The Swiss police have lost the plot

Saying ‘Allahu Akbar’ should not be a fineable offence.

George Harrison

Topics Free Speech World

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Police in Switzerland have defended fining a Muslim man the equivalent of £178 for saying ‘Allahu Akbar’ in public. They argued that people who overheard him could have mistaken him for a terrorist.

The phrase, meaning ‘God is greatest’ in Arabic, may be infamous as a jihadist war cry, but among ordinary Muslims it has a far more mundane meaning, used in the way we might say ‘oh my God’ when we are surprised or shocked. It is uttered thousands of times a day throughout the peaceful Muslim world. Say it in Switzerland, however, and you may find yourself in trouble with the police.

The Swiss-born man, who has been identified only as Orhan E, used the phrase to express his surprise after unexpectedly seeing a friend in the town of Schaffhausen. He was then approached by a plain-clothed police officer who had overheard him. Orhan says he tried to explain to the officer that he had meant nothing by it, but she called for armed back-up anyway. He says he was manhandled by gun-toting police, before being slapped with the fine for causing a public nuisance.

The confrontation took place in May last year. Orhan only recently decided to go public after seeing reports that another Muslim man was allegedly punched by a Swiss border guard after he said ‘Allahu Akbar’. Orhan told local media that a typical Muslim will use the innocuous phrase ‘almost every second sentence’. ‘Just because terrorists misuse these two words doesn’t mean I have bad intentions when I say them’, he added.

In Switzerland, there have been other worrying attempts by the state to make life difficult for Muslims to express their religious faith – from a bizarre ban on minarets to proposed rules, since rejected, forcing imams to preach in a Swiss language.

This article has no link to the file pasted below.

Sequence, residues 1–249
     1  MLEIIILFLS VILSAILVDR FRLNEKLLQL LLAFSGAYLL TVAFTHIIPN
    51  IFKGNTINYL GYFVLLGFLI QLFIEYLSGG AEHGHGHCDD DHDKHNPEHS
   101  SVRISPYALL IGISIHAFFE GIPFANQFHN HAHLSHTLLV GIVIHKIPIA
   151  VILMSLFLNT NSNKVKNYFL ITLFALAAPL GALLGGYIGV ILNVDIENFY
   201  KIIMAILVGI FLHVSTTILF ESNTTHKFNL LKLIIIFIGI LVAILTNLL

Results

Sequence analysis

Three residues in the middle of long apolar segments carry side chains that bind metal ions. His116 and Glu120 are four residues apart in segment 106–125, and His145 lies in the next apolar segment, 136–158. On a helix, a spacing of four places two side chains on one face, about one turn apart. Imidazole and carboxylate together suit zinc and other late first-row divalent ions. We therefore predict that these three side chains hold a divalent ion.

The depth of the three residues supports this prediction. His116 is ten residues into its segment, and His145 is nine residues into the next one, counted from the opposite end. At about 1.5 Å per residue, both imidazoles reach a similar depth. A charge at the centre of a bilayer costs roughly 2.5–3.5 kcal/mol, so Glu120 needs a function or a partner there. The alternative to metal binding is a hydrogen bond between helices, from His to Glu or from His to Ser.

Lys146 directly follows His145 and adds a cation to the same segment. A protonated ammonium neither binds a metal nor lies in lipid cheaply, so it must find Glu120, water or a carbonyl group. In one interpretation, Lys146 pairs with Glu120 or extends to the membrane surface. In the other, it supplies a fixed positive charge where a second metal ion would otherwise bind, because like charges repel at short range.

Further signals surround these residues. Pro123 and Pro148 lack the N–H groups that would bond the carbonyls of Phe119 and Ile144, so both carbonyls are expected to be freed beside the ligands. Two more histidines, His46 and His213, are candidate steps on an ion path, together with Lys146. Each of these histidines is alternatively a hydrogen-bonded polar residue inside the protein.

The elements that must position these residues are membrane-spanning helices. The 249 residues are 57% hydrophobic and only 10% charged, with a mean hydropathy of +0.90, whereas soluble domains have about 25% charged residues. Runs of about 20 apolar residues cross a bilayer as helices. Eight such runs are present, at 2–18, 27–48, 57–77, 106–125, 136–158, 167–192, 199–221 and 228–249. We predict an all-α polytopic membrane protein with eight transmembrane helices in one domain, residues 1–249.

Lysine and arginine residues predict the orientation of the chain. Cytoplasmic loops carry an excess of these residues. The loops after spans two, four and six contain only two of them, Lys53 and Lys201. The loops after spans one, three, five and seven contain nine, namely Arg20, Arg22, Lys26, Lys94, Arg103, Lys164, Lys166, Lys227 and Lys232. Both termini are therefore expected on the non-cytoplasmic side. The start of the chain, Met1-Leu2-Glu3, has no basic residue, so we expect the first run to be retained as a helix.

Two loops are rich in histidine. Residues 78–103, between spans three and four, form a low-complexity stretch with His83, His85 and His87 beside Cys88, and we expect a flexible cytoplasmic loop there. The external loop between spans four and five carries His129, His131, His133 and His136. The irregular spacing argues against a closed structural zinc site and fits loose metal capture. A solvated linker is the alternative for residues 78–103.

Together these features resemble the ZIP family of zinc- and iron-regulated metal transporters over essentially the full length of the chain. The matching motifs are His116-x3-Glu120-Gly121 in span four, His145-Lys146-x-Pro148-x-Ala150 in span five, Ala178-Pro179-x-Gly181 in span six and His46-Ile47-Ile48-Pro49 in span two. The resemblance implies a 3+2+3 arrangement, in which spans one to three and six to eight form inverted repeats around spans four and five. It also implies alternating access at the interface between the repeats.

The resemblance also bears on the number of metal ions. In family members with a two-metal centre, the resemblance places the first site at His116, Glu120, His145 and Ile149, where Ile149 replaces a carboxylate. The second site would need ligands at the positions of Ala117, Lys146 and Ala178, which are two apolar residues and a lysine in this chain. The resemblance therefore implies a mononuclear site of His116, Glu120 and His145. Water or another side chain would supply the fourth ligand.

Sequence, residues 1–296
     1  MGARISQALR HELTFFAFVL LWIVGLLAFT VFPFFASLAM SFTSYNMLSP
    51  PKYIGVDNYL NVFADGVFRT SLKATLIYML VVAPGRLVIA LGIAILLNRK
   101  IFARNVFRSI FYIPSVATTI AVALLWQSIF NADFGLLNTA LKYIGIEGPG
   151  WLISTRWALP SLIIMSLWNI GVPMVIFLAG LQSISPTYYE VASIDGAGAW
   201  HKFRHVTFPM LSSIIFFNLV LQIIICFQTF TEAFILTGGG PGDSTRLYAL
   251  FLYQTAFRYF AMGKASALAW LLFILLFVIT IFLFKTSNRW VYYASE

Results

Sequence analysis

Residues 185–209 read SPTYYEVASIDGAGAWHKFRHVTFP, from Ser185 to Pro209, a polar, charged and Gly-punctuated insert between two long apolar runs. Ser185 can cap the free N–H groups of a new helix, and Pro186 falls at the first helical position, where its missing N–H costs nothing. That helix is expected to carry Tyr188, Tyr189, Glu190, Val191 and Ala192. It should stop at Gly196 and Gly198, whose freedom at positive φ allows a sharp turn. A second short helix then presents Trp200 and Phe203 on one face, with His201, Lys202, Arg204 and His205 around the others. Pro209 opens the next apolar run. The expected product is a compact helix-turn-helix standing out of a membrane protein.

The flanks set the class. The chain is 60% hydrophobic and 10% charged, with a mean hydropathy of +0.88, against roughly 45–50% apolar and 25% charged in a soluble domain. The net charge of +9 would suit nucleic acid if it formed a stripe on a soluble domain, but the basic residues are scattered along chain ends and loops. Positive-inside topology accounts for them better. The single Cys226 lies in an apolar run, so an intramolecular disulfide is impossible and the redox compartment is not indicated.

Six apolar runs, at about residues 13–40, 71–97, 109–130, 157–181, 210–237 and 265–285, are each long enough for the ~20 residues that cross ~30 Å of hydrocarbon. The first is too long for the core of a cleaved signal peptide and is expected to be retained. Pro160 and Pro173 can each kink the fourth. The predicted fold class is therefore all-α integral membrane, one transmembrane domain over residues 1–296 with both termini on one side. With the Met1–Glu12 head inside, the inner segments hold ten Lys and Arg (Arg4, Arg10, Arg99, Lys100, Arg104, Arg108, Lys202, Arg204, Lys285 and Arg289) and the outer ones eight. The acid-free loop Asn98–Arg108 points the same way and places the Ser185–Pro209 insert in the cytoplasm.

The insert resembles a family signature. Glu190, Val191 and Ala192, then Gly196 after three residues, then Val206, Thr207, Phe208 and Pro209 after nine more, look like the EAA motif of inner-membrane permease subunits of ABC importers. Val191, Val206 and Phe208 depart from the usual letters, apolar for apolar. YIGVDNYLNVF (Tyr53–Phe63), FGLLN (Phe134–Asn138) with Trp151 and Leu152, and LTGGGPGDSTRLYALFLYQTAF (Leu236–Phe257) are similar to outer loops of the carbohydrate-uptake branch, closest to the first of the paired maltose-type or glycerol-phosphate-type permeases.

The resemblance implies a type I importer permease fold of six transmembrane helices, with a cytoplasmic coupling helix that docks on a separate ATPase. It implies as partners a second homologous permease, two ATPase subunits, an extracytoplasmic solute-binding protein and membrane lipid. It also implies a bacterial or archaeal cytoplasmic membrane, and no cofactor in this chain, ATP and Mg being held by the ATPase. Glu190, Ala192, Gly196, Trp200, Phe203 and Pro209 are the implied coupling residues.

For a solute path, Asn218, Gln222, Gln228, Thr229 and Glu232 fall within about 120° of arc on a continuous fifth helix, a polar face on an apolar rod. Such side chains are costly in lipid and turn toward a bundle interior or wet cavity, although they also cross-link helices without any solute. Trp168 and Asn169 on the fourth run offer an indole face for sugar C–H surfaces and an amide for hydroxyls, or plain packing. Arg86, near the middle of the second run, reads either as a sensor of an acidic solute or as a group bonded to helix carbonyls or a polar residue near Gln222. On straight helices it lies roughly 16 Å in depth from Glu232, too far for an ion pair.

Even though there are no laws against saying ‘Allahu Akbar’, police have defended handing out the fine by claiming that Orhan shouted the phrase with the intention of causing alarm – which he strongly denies. This poor justification evokes the tired old argument about ‘shouting “fire” in a crowded theatre’ – a classic trope of the anti-free speech movement.

This line is a paraphrasing of Justice Oliver Wendell Holmes, who delivered the opinion in the landmark 1919 US Supreme Court case, Schenck vs United States. He argued that speech which deliberately and falsely causes panic should not be protected under the First Amendment. This case is often invoked to insist that free speech has its limits. But what is rarely noted is that the defendants in this case were socialists arrested for distributing flyers urging men to dodge the draft during the First World War. (The ruling was overturned in 1969.)

Today it is as vital as ever to remember that free speech is an indivisible right: it either exists for all of us, or it exists for none of us. Words can’t physically hurt people, and there should be no justification for banning phrases from being uttered in public.

George Harrison is a writer. He tweets at @George_Haz

Picture by: Getty.

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Topics Free Speech World


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